In summary, the present disclosure sets forth a method and apparatus which enables formations to be pressure tested in a different fashion and in particularly in a cased borehole.
So that the mnanner in which the above recited features, advantages and objects of the present invention are attained and can be understood in detail, more particular description of the invention, briefly summarized above, may be had by reference to the embodiments thereof which are illustrated in the appended drawings.
It is to be noted, however, that the appended drawings illustrate only typical embodiments of this invention and are therefore not to be considered limiting of its scope, for the invention may admit to other equally effective embodiments.
The single drawings shows a formation tester supported in a cased well borehole for conducting certain pressure tests in accordance with the teachings of the present disclosure where the tests are performed through the casing into a selected formation.
Attention is directed to the only drawing where a formation tester 10 supported in a well 12 which is lined with a casing 14 normally cemented in place. The casing goes to a specified depth. A formation 16 is on the outside of the casing and is the formation of interest to be tested. It can be any formation which is covered over or isolated by the casing 12. Moreover, the formation 16 can be a formation which has been produced toward depletion or a formation which has never been produced. In any event, formation 16 is the formation which will be tested utilizing the methods and apparatus of the present disclosure in an advantageous fashion.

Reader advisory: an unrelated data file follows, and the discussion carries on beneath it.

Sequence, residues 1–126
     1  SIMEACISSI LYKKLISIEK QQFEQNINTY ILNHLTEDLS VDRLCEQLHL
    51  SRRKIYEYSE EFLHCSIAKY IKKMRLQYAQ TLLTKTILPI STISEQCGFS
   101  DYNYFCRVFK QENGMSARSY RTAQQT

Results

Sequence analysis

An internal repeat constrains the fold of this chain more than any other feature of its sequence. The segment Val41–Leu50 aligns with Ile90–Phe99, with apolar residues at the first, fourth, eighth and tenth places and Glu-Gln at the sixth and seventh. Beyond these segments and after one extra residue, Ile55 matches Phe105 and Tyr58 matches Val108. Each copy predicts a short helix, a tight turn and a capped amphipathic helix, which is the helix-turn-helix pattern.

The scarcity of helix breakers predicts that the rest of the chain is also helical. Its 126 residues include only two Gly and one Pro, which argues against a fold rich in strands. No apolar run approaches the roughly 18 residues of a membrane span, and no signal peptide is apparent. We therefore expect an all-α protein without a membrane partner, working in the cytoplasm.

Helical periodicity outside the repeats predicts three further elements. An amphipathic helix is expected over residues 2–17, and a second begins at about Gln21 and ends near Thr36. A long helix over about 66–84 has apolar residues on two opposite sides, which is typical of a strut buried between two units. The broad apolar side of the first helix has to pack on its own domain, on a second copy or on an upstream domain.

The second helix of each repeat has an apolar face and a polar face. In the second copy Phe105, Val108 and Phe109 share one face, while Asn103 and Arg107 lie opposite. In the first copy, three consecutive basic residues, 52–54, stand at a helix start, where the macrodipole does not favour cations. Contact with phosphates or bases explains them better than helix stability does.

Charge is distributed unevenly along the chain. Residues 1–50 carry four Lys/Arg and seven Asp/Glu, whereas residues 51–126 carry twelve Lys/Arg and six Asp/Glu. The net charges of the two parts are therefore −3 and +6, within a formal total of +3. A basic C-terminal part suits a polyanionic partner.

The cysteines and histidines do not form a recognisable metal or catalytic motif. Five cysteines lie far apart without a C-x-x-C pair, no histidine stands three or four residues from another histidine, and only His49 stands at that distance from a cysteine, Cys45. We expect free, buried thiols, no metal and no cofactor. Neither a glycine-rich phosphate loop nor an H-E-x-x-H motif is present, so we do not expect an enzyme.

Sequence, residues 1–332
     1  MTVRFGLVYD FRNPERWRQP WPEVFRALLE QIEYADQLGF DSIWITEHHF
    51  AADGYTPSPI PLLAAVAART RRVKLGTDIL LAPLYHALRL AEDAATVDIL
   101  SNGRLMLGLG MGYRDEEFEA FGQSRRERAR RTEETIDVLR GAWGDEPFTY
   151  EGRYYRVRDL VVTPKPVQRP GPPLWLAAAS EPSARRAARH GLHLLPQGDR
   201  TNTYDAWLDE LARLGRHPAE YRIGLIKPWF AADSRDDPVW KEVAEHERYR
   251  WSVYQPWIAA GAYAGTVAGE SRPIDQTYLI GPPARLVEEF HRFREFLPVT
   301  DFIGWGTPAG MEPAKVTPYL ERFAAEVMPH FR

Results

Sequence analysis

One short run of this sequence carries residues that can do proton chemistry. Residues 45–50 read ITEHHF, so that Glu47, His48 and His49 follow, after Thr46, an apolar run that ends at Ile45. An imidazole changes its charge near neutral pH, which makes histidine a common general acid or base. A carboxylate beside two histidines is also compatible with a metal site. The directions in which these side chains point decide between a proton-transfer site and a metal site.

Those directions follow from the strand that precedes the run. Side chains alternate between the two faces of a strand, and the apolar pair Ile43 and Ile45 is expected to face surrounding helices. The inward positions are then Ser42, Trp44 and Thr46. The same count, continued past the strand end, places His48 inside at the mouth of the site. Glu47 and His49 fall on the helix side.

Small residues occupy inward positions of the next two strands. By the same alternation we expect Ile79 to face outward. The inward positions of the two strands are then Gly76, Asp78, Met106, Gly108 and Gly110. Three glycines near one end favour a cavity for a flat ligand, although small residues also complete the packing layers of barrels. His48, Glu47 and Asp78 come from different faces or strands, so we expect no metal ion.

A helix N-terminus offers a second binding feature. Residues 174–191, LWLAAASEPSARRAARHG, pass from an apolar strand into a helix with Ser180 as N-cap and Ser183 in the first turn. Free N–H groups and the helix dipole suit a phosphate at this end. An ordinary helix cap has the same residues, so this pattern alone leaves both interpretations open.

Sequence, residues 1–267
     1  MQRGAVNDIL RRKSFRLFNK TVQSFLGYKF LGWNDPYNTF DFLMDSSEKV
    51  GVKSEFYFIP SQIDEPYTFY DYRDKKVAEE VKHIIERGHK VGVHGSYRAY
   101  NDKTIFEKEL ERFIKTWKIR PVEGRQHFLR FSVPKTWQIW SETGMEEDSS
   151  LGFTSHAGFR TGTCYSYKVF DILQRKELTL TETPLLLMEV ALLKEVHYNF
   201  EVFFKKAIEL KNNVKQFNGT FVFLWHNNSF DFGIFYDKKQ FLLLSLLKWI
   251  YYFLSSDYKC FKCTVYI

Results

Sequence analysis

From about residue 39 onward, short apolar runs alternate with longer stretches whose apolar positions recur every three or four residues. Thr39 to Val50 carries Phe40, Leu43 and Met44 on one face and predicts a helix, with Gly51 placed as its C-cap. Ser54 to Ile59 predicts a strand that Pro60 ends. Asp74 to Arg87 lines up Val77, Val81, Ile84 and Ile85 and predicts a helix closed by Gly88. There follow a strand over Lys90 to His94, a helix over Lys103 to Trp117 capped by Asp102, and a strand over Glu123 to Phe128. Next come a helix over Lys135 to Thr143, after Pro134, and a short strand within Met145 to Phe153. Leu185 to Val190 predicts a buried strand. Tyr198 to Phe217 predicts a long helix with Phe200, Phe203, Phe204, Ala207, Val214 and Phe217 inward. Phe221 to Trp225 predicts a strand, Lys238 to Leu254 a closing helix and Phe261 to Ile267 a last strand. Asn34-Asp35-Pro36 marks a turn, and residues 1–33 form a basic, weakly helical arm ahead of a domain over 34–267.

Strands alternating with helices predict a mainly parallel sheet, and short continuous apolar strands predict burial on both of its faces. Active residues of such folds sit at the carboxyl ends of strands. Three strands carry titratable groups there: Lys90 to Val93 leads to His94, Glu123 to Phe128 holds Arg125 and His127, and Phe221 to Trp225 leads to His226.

The formation tester 10 can be the Model SFT-3 of Halliburton Logging Services, Inc. This type of formation tester can be used in the procedures to be described below. The formation tester is lowered into the well borehole on a logging cable 18 which includes one or more electrical conductors therein and a steel cable to support the weight of the tool 10. The logging cable 18 extends to the surface and passes over a sheave 20 and is spooled on a reel or drum 22. The signals provided along the cable 18 are output to a CPU 24. In turn, that connects with a recorder 26 which records the data as a function of time. Depth measurements are also obtained by means of an electrical or mechanical depth measuring apparatus 28 which provides a depth indication signal from cable movement.